George: Hey, guys, what do you think of my new shoes?
Lynn: They’re not bad.
Michael: They’re awesome!
… later …
George (speaking to Michael): I can’t believe Lynn was so rude to me today, I don’t know what I’ve done to upset her!
Michael: What do you mean? She said she liked your shoes!
George: What are you on about? She hated them!
Michael: I’m sure she said they were nice, or something…
George: I don’t remember exactly what she said, but it was obvious she hated them. In fact I think she hates me, I’ve been noticing little things she says, and she’s always talking and laughing about me when she’s with her friends…
Michael: I think you’re imagining things. She always says the nicest things about you when you’re not there, I’ve heard her lots of times. In fact I think she likes you!
As you can see, George has a fairly firm belief that Lynn doesn’t like him, and tends to look for things that confirm that belief. He believes that Lynn thinks that way, because that is the way he thinks about himself. This is leading him down an unfortunate path, because he may very well be destroying a potentially very strong friendship.
What we can do about negative self-talk
Once in a while, we need to step out of the comfort zone of our established beliefs about ourselves and others, and be willing to challenge them. This can be very difficult to do, especially if we have fed these beliefs for many years by consistently picking out bits of information that confirm them, and ignored those that go against them. Sometimes, these beliefs are reinforced by other people, the most powerful example often being our parents. However, we can challenge any belief we have if that belief is leading us to have a distorted and negative view of ourselves.
Before we can challenge them, however, we must identify them. They’re often so automatic that we’re not even aware that we’re thinking them. They’re like a psychological reflex, a mental shortcut that reduces the amount of mental effort we have to spend in reaction to events around us. If we want to change them, to “re-wire” our brain, we must be willing to spend that extra mental effort until our automatic thoughts have been modified to something less negative and more helpful.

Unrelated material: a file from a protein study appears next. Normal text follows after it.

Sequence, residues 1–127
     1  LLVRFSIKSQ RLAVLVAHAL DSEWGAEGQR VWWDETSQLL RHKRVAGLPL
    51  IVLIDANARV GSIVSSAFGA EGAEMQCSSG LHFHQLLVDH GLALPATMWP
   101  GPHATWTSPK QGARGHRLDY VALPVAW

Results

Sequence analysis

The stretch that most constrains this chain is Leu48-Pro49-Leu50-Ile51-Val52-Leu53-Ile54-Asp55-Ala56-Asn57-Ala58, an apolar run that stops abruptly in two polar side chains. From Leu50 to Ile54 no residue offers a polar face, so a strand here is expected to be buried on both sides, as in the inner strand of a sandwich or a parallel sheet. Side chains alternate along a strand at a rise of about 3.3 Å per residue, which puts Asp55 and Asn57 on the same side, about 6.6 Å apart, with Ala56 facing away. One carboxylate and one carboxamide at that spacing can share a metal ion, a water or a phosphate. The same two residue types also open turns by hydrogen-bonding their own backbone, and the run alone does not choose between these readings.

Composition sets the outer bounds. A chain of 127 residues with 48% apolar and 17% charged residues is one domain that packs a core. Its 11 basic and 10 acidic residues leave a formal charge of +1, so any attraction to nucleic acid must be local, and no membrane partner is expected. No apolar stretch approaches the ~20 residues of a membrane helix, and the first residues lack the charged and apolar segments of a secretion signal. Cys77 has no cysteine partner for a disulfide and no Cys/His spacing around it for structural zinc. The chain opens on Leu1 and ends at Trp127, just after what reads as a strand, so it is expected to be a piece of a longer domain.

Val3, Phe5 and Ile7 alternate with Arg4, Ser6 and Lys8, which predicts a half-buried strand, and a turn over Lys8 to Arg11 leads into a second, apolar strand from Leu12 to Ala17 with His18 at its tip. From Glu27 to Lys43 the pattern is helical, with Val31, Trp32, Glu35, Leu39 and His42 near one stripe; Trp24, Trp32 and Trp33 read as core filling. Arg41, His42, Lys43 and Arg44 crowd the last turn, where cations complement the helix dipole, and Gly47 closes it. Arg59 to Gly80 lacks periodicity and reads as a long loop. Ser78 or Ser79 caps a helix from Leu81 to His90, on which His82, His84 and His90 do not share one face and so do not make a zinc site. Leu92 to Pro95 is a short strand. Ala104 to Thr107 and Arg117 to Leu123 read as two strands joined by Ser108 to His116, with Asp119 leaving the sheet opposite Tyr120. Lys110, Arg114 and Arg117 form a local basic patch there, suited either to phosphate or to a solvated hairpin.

One way to do this is to keep a little notebook and pencil in our pocket all the time, or to have a mobile phone that allows us to quickly take some notes for later. Every time we have a strong negative feeling like anger, depression or anxiety, we write down what triggered that emotion, and describe briefly how we’re feeling at that moment. Then, when we get home later on, we can go through our notes and spend a bit of mental energy to figure out what we were thinking at the time of our negative emotion. There’s always an automatic thought that gets activated by the trigger. It may be hard at first, but eventually you’ll start getting the hang of it.
So, once we’ve managed to identify some of the negative, automatic thoughts that we have about ourselves, we can start writing them down and challenging them. Writing all this down is essential, because if we try to just do it mentally, the automatic thoughts will win. It’s their domain, and they don’t like to be challenged. If you start writing them down, it gives you the opportunity to look at them at different times, when your mood is different, and when you’re likely to get more insights into them.
The truth about our worth
Thankfully, for members of the Church of Jesus Christ of Latter-Day Saints, it’s quite easy to challenge automatic negative self-talk. We have strong beliefs in the individual worth of every human being, as literal children of God. Our worth is not determined by our actions, or by the attitudes or thoughts of other people. Our worth is fixed and equal to everyone else’s.
Don’t be fooled by the vain promises of the gods of beauty, fame, pleasure and possessions. They would have you believe that your worth is determined by how devoutly you worship them, how much time and money you pour into their bottomless treasuries. The true God, our Heavenly Father, has made it clear that our worth is not determined by our actions. We are his children and he loves us, no matter what we do. We are the offspring of deity from the time we are born until we surrender our last mortal breath.
The most important belief for which we should seek confirmation is the belief that God is literally our Father, and that we are literally His children. The degree to which we believe these simple truths will determine how well we can challenge and re-program our negative self-talk.
- Negative self-talk or lizard brain (quinncreative.wordpress.com)
- Quit Negative Thinking… (justsaynototoxicrelationships.wordpress.com)
- The Power of Beliefs at Work (intentionalworkplace.com)
- Negative self-talk (mackenziemcblog.wordpress.com)
- Overcoming Negative Self-Talk (drkathleenyoung.wordpress.com)
- Negative self-talk: how it affects us (breathenews.wordpress.com)